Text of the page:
Asia Markets Fall Sharply, Europe Opens Down



Asia Markets Fall Sharply, Europe Opens Down

Key Asian stock markets closed down sharply Monday, and Europe markets followed the course at the open, continuing a global slide that saw U.S. markets drop 3 percent Friday.


China's Shanghai exchange ended the day down nearly 8.5 percent as investors watched to see what action Beijing might take.

The fall in markets across the globe in recent days is keyed mainly by a fear about a Chinese economy that is slowing more than had been expected.

Japan's Nikkei lost 4.6 percent Monday for its lowest close in nearly a year.  Hong Kong's Hang Seng fell 4.9 percent.  Other markets in the Pacific region were also down sharply.

Meanwhile, markets in Britain, France and Germany all opened at least 2.5 percent lower.

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(Market turmoil) HK stocks drop to 15-month low, global sell-off deepens



Hong Kong stocks fell by 4.64 percent by the break, hitting a fresh 15-month low as a rout across Asian shares continued a sell-off in Asian equities.

The benchmark Hang Seng Index lost 1,039.92 points to 21,369.7 by the end of morning trading on turnover of HK$70.87 billion.
Chinese shares also plummeted, wiping out the year's gains and leading a slump across Asian equities.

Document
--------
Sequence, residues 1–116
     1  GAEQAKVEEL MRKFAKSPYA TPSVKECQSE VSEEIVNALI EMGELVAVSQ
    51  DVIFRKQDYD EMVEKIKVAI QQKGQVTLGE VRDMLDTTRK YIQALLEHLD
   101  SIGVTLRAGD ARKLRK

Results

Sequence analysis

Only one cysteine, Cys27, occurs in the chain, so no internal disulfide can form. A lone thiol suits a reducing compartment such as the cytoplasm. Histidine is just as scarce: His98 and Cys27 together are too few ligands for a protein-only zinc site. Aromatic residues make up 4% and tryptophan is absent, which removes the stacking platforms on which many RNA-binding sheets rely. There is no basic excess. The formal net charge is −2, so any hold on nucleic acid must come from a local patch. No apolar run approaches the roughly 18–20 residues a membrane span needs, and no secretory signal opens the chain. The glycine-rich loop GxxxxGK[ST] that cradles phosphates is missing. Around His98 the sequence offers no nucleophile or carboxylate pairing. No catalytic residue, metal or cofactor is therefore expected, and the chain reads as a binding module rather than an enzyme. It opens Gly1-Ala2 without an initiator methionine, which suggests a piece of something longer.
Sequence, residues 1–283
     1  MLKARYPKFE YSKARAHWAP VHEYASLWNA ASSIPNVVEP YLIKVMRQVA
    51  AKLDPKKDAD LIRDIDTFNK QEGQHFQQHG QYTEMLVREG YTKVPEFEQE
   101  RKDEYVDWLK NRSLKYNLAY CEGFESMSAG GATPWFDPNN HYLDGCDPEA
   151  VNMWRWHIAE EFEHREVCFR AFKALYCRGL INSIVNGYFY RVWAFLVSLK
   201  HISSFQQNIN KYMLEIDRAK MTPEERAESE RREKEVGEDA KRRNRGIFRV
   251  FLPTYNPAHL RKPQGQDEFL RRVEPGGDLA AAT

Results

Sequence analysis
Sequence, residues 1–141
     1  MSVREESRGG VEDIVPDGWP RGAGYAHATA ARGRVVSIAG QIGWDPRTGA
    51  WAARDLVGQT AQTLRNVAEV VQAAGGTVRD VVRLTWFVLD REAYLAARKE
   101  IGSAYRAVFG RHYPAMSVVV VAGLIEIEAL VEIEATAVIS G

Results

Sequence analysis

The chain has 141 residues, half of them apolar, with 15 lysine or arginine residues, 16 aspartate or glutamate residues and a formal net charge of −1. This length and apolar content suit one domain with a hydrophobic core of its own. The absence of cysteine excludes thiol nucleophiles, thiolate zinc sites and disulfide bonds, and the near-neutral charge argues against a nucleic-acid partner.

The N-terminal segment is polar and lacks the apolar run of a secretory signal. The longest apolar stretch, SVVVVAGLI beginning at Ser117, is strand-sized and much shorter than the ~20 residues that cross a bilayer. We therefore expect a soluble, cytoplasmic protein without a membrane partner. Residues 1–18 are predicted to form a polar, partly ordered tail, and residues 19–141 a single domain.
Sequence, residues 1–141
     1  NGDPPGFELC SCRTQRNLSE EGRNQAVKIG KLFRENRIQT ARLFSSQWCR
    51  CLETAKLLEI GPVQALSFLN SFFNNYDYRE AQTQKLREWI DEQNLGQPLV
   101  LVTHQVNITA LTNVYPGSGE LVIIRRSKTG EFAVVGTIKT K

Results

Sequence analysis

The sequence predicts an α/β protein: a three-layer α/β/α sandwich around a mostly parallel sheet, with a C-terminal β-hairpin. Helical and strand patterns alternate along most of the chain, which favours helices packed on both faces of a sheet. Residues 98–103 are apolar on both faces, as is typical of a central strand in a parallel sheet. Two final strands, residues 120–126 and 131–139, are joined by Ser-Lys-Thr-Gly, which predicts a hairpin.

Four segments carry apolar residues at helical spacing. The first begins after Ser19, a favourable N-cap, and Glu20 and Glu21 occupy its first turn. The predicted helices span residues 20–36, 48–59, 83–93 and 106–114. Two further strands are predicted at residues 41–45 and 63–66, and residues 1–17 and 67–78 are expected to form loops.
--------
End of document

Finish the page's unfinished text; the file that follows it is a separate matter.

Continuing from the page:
The benchmark Shanghai Composite Index plunged by 8.45 percent, or 296.54 points, to 3,211.20 by the break – below its closing level on December 31 last year, wiping out all its 2015 gains – after losing as much as 8.59 percent.

The Shenzhen Composite Index, which tracks stocks on China's second exchange, fell by 7.61 percent, or 155.24 points, to 1,884.16.

Taipei recorded its biggest-ever intraday drop, at 7.46 percent, while regional markets also slumped, including Tokyo's Nikkei 225, which fell by 3.21 percent.

Oil was trading below the US$40 a barrel mark, at its lowest level since 2009.

Today's fall took the Shanghai index well below the 3,500 mark, which had been seen as a symbolic moat authorities would seek to protect.

Some analysts predicted more government intervention by the so-called “national team,’’ a description for entities, including the CSF, that are trading on behalf of the government.


“If the market falls too much, the 'national team' will still step in,'' Li Daxiao, chief economist of Yingda Securities, told AFP, adding that the pension fund move was announced “partly to stabilize the market.’’

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Manila stocks tumble by 6pc


The Philippine stock market fell by 6.40 percent by midday, pulled down by developments in China and the United States, dealers said.
The benchmark index fell 466.15 points in morning trading, virtually wiping out all the gains made in 2015, when it was hitting record highs.
“Eighty to ninety percent of this sell-off is due to what is happening in China and the US. If you examine our fundamentals, we are still intact,'' Louis Limlingan, head of sales at Regina Capital Development told AFP. 
Asia Markets Fall Sharply, Europe Opens Down Asia Markets Fall Sharply, Europe Opens Down Reviewed by Ajit Kumar on 1:05 PM Rating: 5

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